Can’t wait got the tickets for the whole family. Hope it is a huge success for ALL involved and perhaps it could evolve into a complete weekend festival.

  • Colin Ferguson

    Was at the event on Sunday. Lovely day and the
    re-enactment was excellent, kudos to all those involved in that. However,
    the re-enactment was the saving grace in an otherwise poorly organised
    event. There were 3 re-enactments throughout the day with queues of up to
    2 hrs. However, after queuing for an hour event staff came down the line
    to tell people that next enactment was full. As there was no guarantee of
    getting in people were forced to stay in the queue for a further 2hrs for fear
    of losing their place. These long queues split the venue in two with
    people having to negotiate their way through the queue to get from one side of
    the venue to the other. There were also long queues for food and other
    stands. The event could easily have been re-named ‘Queuing Live’.
    Would it have been so hard to allocate customers a re-enactment time when they
    booked tickets so that they knew they would be getting in and wouldn’t have to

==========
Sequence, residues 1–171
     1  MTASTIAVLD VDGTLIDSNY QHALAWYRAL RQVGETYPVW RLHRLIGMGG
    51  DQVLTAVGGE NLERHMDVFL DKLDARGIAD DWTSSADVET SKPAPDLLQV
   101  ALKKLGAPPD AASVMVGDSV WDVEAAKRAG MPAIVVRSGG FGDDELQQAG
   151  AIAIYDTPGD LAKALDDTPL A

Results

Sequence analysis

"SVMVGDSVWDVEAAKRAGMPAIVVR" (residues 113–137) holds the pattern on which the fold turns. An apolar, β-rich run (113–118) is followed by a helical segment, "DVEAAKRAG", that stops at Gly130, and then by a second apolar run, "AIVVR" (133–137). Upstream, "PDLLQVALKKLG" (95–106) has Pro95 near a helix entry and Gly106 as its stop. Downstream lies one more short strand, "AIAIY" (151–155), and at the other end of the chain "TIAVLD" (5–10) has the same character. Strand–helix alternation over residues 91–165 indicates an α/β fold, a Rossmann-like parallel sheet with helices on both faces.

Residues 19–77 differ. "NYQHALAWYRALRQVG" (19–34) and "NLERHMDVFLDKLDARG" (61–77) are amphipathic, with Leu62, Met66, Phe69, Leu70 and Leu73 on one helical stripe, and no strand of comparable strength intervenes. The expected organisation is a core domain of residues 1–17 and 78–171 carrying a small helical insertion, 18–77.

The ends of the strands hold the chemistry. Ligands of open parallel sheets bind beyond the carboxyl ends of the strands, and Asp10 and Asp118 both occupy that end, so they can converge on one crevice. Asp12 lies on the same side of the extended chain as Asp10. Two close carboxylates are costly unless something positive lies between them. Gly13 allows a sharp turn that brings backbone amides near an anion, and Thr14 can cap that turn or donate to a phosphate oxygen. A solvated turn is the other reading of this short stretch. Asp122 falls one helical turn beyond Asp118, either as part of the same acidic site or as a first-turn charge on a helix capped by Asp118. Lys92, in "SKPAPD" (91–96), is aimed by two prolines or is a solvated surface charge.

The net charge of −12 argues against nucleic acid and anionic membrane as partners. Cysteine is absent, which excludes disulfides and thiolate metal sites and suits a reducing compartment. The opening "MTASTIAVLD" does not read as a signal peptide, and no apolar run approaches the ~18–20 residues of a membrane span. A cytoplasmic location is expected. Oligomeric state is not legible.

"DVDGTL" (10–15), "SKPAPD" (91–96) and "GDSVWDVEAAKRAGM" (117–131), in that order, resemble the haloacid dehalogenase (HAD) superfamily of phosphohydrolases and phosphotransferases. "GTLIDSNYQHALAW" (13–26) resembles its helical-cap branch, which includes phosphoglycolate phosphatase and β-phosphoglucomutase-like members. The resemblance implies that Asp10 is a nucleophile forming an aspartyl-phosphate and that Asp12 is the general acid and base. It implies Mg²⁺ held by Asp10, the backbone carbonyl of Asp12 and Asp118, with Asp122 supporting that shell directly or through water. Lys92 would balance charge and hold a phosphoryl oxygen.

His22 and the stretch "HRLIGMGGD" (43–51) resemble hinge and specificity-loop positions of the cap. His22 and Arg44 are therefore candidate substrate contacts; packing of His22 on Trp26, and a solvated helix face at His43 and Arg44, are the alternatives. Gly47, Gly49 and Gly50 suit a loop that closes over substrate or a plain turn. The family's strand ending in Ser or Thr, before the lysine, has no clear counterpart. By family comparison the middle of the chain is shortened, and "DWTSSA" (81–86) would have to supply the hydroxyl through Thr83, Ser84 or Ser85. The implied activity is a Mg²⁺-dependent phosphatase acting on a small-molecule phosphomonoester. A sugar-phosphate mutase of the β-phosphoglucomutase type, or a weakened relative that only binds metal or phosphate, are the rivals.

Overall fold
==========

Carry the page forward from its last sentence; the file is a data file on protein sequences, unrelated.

spend hours queuing? These details turned what should have been a
    relaxing event into a stressful one. With the event having only sold half the
    expected tickets I would have to say there is no way it could have coped with
    full capacity.

    Once again the re-enactment and all involved in it were excellent and definitely
    saved the day, but the organisers have to take a look at themselves. This
    includes the National Trust for Scotland – as members of the NTS we though we
    would take in the Bannockburn Interactive experience while we were there, only
    to be turned away as the experience was reserved for ‘Kings ticket’ holders who
    were paying £80 a ticket. So, regular contributors to the NTS rely were turned
    away in favour of fleecing the wealthy for a quick buck.

    • visitscotland

      Hi Colin, we’re really sorry you didn’t have a wholly positive experience at Bannockburn Live. We are currently conducting a full investigation into any complaints raised and we’d appreciate it you would take a few minutes to log your comments here: http://visit.sc/1qqTtxh